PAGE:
This suit arises from the name “cabinet savers,” which the parties both use to refer to plastic liners designed to protect kitchen sink cabinets and other surfaces from water damage. Both parties manufacture products of this description. The plaintiff has registered a trademark for use of the “Cabinet Saver” mark.
Contrary to the plaintiff’s argument, this matter can’t be resolved purely on the pleadings as presently filed. The defendant has denied numerous factual allegations in the complaint, some related to whether the defendant’s use of the mark has or is likely to cause confusion among customers. Denial of these assertions bars the court from granting judgment on the pleadings.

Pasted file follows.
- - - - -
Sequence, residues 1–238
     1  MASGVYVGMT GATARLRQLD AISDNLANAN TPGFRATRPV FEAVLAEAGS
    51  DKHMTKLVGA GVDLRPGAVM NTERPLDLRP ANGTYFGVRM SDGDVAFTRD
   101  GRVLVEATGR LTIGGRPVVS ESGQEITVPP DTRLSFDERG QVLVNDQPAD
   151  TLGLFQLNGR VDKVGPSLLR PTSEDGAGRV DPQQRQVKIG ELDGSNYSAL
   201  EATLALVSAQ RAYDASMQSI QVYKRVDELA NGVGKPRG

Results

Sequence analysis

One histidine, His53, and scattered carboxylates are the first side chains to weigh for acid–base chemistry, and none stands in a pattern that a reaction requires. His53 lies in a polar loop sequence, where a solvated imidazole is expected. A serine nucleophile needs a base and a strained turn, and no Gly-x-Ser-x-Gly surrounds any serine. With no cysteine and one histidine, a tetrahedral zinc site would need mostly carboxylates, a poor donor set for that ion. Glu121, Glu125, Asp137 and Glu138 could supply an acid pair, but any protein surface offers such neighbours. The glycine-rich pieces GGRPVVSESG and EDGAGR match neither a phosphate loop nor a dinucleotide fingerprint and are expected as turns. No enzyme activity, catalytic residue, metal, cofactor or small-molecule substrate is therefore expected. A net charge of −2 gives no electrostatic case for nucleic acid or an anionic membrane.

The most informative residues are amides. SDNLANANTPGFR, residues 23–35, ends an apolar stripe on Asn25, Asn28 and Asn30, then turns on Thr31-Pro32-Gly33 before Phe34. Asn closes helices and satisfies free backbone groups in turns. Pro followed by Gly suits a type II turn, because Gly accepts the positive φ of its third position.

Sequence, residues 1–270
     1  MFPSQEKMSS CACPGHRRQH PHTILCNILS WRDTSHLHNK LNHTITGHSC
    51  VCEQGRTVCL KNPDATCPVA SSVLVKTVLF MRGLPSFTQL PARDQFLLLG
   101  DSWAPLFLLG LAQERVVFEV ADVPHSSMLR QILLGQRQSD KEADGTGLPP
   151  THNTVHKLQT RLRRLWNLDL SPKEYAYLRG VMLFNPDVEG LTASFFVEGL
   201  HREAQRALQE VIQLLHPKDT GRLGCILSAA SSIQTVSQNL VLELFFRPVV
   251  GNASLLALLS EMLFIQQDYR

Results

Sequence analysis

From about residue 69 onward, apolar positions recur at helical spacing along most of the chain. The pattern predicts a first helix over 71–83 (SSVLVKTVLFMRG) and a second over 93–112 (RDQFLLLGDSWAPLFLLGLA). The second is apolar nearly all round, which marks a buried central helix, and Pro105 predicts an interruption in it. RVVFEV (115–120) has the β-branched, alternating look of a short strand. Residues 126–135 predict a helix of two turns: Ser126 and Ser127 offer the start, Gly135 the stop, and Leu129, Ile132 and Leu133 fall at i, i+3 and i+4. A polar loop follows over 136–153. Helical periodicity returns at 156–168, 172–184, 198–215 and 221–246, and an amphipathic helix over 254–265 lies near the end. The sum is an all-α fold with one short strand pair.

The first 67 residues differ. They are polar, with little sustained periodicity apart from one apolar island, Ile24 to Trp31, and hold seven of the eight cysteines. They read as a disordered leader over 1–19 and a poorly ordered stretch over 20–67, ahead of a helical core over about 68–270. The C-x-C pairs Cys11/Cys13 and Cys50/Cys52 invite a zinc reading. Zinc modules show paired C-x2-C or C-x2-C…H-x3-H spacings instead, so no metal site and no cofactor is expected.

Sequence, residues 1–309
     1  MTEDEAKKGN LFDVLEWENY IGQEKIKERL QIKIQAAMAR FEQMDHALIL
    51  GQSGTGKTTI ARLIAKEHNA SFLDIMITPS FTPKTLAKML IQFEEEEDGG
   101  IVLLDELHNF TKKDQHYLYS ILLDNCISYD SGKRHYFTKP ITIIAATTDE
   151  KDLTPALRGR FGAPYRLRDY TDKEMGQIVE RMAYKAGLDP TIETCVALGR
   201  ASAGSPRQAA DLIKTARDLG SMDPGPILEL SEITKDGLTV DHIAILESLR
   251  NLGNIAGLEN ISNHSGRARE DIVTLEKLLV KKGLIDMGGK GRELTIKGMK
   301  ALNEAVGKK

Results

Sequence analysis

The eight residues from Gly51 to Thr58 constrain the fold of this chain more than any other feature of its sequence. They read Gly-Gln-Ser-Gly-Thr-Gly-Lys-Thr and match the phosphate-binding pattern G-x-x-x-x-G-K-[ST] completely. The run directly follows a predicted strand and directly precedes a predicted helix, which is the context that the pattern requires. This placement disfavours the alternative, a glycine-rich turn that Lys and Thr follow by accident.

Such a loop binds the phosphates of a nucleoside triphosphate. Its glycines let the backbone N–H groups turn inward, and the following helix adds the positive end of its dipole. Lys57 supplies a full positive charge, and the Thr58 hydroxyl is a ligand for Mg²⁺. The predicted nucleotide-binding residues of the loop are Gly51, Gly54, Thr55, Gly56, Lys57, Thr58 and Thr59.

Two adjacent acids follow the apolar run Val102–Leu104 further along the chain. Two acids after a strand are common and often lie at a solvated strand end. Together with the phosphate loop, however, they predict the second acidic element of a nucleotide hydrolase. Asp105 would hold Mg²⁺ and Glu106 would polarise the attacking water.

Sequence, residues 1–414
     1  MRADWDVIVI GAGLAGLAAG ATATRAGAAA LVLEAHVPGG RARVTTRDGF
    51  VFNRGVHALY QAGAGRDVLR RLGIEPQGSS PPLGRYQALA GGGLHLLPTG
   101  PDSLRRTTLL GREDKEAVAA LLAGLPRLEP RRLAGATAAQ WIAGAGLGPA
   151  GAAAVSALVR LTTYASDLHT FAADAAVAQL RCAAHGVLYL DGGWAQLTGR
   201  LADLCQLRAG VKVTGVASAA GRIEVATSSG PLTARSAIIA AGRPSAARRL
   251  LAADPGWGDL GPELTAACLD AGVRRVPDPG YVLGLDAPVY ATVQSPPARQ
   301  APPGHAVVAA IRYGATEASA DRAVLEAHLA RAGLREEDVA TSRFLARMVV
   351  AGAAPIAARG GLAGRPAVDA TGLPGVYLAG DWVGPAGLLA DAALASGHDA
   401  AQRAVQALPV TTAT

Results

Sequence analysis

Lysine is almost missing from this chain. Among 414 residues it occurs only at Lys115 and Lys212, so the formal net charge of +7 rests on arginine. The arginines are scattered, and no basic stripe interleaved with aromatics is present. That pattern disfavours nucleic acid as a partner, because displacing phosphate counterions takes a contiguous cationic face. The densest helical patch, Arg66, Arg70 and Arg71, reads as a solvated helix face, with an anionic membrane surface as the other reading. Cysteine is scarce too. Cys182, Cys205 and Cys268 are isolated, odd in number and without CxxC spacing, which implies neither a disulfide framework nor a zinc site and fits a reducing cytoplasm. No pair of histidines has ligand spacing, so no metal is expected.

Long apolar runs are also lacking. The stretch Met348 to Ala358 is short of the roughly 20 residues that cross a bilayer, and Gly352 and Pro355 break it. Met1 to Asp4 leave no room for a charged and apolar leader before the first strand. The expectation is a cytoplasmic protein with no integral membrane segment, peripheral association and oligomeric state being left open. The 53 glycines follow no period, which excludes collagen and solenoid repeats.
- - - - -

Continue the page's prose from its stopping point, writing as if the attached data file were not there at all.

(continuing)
The defendant has also asserted a number of affirmative defenses, including that the plaintiff knew about the defendant’s use of the mark and attempted to hijack it in order to cause customer confusion, harming the defendant. These facts, while insufficient to support an assertion of fraud in the procurement, are sufficient to support the defense of unclean hands. With at least one affirmative defense minimally supported, judgment on the pleadings is inappropriate.
Motion for judgment on the pleadings denied.